[checkbox check=”empty”]Identification of common poisonous or toxic plants in your area and any areas or regions that you regularly spend time in. If you spend winters one place and summers in another region, know your way around the plants and animals in both[/checkbox]
[checkbox check=”empty”] How to find water in the wilderness [/checkbox]
[checkbox check=”empty”]Caching supplies[/checkbox]
[checkbox check=”empty”]How to make a cache out of everyday items [/checkbox]
[checkbox check=”empty”]Packing food items for long term storage [/checkbox]
[checkbox check=”empty”]Make a weapon[/checkbox]
[checkbox check=”empty”] Use everyday objects for weapons [/checkbox]
[checkbox check=”empty”]Situation Awareness[/checkbox]
[checkbox check=”empty”]Moving with stealth and patience [/checkbox]
[checkbox check=”empty”] Waterproof items using what you have on hand including pine resin or sap [/checkbox]
[checkbox check=”empty”]Tie a torniquet[/checkbox]
[checkbox check=”empty”]Administer CPR[/checkbox]
[checkbox check=”empty”]Basic veterinary care skills[/checkbox]
[checkbox check=”empty”]Accepting the new reality[/checkbox]
I know that I am guilty of sometimes moping about what I should have done or how I could have changed the outcome of something. Well, that is a mistake and just wastes time. When you accept the new reality and figure out how to deal with it the best way you can, your chances of survival are greater. It can be very hard for people to admit that they do not have much control over major things in their life. In fact, this is a strong enough emotion that some people do simply give up on living during an emergency or SHTF moment. Mindset is so important to your survival.
[checkbox check=”empty”]Thinking before you speak[/checkbox]
Some things that come out of your mouth can be more damaging than you might realize. As someone that writes 40,000 words a month, I never know how far my words will go. I have to consider the consequences of what I am saying. It can be impossible to totally undo the damage of some things you say. Consider if what you are saying is actually going to have the effect you want it too and if you are just speaking out of frustration or anger.
[checkbox check=”empty”]Teaching Kids and Teens[/checkbox]
Very young kids can learn some skills. Children and teens learn at different rates based on natural ability, interest, opportunity, and quality of instruction and supplies. Start with basic things and see how it goes. If a kid or teen catches on fast and shows interest, you may be able to move faster or learn faster together than you expected.
[checkbox check=”empty”]Temper control[/checkbox]
Some people get set off quicker than others. Having a fiery temper doesn’t make you a bad person or even unpleasant most of the time but over time it can have a big impact on your life. In a survival situation, things can be very stressful so it can be hard to control your anger, especially if you are scared, tired, hurt, or mourning over a variety of things. Extreme loss of temper can lead to severe consequences that cannot be undone and lead to lost opportunities. People may not want to help you that much in a survival situation and you may get a reputation for acting on your feelings and for your own personal gain more often than not.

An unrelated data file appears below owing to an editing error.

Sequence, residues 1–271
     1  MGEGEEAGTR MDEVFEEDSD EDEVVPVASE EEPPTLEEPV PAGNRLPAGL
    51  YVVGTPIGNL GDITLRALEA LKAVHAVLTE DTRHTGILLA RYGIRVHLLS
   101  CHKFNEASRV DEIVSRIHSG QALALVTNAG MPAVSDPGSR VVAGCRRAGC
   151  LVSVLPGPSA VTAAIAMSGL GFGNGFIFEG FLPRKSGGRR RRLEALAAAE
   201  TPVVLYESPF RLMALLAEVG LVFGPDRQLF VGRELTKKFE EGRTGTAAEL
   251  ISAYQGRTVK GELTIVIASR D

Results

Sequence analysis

[checkbox check=”empty”]Looking at both sides of an issue regardless of your own beliefs [/checkbox]
I am putting this here because it is important to know both sides in order to make good decisions and understand your own stance a lot better. It also shows others that you don’t just care about your own opinions and values and you have respect for them as human beings even if you have entirely different opinions on almost everything. This is an increasingly rare skill to see in practice in modern society. If you are in a leadership role in a group in a survival or SHTF situation, it is even more important if you want to be the best leader you can be. You may have to work with people that are not 100% like you during a major situation.
[checkbox check=”empty”]Sleeping under unusual circumstances [/checkbox]
This is a skill that I really need to learn to do better. If you are like me and the least little thing wakes you or you have a hard time getting to sleep, now is the time to develop a strategy to get used to sleeping with some level of noise or discomfort. This can be very hard if you have PTSD or other trauma that makes you more paranoid or on guard. While a healthy level of paranoia and being on guard can help at times during an emergency, everyone needs to get some level of quality rest in order to stay healthy and on top of things. Some studies show that going without sleep for even a night or getting very little sleep in a night can have the same mental effect as being intoxicated.
[checkbox check=”empty”]Planning before acting[/checkbox]